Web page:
South Africa’s bowling attack have been key in keeping their unbeaten streak of 12 ODIs.
In 12 ODI victories SA have bowled out the opposition eight times. Once against Ireland, three times during Australia’s tour to SA and four times in Sri Lanka’s tour to SA.
AB de Villiers was proud of the way his bowlers performed in the 34-over match against New Zealand, which saw the Proteas reduce them to 207-7.
‘We did very well with the ball in hand,’ said De Villiers after their win against NZ.
‘If I could have it all over again I would have batted first. I thought we did well; if they scored 10-20 runs more it would have been very difficult to chase down.
‘The motto today with the ball in hand was to keep striking.
‘We’ve been doing that in the last few series we’ve played, bowling teams out. I think that’s probably our biggest strength at the moment, to strike all the time. We never allowed them to get big partnerships. Kane (Williamson) played really well, but other than that we kept making inroads, which made it a lot easier for me as a captain and for us as a team to get through it.’
Chris Morris has been excellent since his return in the green and gold. In his five matches back he has taken 12 scalps @ 15.58 which includes his 4-62 against the Black Caps on Sunday.
De Kock expanded on his captain’s comments by emphasising Morris’ contribution.
‘Morris can bowl quickly when he wants to. He hits the deck quite hard. He’s quite a skilful bowler who can swing the ball, hit the deck or bowl slower deliveries. I think he’s good at adapting to different situations. His second spell was a game changer for us.’
De Kock was brilliant in the first ODI against NZ scoring 69 off 64, but he was disappointed with the time that his wicket fell.
‘It was frustrating, I thought I was the guy that had to bat through to win this game,’ said De Kock.
‘It was quite disappointing. It wasn’t needed when I lost my wicket at that time of the game, but anyway, we had the rest of the guys to finish off the game for us.’
A solid cohesiveness is starting to build between De Kock and Hashim Amla at the top of the order. In the last nine innings as a pair, they have scored 502 runs @ 56.16, with their highest partnership of 187 coming against Sri Lanka in the fifth ODI at Centurion on 10 February.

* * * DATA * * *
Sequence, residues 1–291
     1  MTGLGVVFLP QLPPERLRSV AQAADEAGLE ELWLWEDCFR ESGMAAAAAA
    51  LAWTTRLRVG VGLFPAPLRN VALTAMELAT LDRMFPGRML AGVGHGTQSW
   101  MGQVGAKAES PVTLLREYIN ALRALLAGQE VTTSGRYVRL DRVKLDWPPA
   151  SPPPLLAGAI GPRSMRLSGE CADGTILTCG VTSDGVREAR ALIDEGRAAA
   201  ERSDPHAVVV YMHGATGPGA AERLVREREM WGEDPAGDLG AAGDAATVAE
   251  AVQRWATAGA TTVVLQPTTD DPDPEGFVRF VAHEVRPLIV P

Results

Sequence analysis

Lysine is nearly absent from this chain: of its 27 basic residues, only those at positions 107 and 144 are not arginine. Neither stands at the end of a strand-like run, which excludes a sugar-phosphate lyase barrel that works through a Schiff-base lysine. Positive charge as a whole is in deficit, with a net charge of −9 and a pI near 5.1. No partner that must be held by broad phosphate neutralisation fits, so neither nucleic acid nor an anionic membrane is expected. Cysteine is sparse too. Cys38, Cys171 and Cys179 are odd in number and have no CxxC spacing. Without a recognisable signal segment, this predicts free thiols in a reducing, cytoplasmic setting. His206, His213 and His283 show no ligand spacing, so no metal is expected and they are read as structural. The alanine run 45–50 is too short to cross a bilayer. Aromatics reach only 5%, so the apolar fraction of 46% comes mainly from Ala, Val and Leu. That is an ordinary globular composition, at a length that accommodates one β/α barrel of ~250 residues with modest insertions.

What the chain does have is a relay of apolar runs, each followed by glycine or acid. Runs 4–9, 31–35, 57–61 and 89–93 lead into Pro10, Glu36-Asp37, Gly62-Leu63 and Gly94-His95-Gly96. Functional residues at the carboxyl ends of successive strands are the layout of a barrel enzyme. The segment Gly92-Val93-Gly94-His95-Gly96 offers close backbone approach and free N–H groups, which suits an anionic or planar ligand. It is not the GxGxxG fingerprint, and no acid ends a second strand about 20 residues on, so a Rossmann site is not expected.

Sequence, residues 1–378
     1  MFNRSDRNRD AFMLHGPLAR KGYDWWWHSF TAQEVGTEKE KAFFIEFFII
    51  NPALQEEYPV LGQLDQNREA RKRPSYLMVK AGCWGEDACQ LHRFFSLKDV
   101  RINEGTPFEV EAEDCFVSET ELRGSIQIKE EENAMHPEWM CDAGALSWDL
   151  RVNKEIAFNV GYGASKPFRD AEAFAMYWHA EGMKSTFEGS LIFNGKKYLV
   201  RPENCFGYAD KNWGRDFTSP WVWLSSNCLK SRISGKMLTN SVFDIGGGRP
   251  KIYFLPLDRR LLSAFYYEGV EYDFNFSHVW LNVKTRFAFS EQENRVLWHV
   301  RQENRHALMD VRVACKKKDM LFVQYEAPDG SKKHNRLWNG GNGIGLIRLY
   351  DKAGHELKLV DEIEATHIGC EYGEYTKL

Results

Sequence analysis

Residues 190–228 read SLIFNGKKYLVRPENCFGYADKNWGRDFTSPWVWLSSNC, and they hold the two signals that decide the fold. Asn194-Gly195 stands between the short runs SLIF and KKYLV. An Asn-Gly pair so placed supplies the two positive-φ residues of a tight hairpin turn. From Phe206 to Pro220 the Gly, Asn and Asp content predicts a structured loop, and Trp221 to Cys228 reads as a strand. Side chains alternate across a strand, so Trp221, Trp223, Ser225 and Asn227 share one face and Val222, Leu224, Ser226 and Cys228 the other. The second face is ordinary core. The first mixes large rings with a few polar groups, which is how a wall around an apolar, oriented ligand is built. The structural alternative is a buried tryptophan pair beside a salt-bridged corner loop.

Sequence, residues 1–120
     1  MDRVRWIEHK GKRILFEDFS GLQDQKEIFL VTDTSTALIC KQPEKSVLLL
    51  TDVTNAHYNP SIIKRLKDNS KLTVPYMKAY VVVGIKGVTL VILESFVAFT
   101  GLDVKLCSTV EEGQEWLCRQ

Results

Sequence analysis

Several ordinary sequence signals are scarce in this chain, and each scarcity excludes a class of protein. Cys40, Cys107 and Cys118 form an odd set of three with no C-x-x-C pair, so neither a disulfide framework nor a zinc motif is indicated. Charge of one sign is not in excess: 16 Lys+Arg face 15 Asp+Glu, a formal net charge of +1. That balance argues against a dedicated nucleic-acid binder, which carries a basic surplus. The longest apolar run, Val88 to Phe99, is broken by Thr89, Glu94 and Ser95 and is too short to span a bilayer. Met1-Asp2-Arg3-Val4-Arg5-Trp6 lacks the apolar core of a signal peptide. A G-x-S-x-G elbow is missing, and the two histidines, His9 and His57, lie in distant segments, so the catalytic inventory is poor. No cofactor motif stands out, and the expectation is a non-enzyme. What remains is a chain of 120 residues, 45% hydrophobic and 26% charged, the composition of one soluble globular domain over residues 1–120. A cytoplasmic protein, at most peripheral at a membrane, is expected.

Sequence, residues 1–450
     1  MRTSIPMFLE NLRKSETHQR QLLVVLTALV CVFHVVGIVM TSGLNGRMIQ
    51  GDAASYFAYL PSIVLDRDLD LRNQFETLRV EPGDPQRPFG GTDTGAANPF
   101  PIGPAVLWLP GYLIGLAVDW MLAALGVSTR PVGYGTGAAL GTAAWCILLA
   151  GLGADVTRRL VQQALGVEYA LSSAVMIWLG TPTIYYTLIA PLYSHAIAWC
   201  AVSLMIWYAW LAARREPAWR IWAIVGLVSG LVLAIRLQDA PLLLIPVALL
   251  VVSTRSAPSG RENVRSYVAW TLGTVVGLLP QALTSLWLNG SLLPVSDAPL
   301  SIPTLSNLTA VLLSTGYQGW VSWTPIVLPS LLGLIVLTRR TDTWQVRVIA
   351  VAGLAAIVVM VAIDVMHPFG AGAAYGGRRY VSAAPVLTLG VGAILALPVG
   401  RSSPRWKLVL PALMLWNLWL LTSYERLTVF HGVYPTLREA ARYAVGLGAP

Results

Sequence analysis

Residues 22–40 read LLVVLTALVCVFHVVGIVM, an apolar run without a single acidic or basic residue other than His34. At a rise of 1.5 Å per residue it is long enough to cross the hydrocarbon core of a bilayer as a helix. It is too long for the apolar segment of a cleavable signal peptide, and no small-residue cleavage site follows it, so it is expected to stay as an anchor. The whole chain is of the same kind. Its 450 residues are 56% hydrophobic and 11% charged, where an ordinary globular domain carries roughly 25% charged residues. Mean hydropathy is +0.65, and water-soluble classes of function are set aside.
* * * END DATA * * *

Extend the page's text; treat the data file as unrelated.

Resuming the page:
De Kock believes their form is largely due to both players’ ability to stay relaxed at the crease.
‘Me and Hash are calm by nature. It’s something that comes out naturally. Batting with Hash is quite relaxed all the time, nothing too strenuous. We know what to do to.
‘We are still learning and it’s nice batting with Hash.’
Andile Phehlukwayo has been another player who has stood out in recent matches. His first series in the whitewash against Australia saw him taking eight wickets, including 4-44 in the first ODI in Centurion. Although he has performed well with the ball, taking 11 scalps in 11 matches @ 37.45, it’s with the bat that the young all-rounder is building a reputation.
With 17 off 12 needed in the third ODI against the Aussies, Phehlukwayo (42 off 39) hit a six and a four to put SA in a winning position. With three off six required, Phehlukwayo hit two runs to seal the victory. He displayed similar heroism on Sunday. With eight needed off five balls, it was a maximum from Phehlukwayo (29 off 23) which swung the match in SA’s favour. The skipper hit a four to seal a four-wicket victory for the Proteas.
‘He was hitting it pretty sweet, it was very impressive the way Andile played,’ said De Villiers.
‘There’s a lot of talent in that young man, and I’m looking forward to seeing him grow into a really good cricketer. He was one of the few guys tonight who could pick up the pace of the wicket and let it come to him, then played it under his eyes very well. I was very impressed and very happy for him.’
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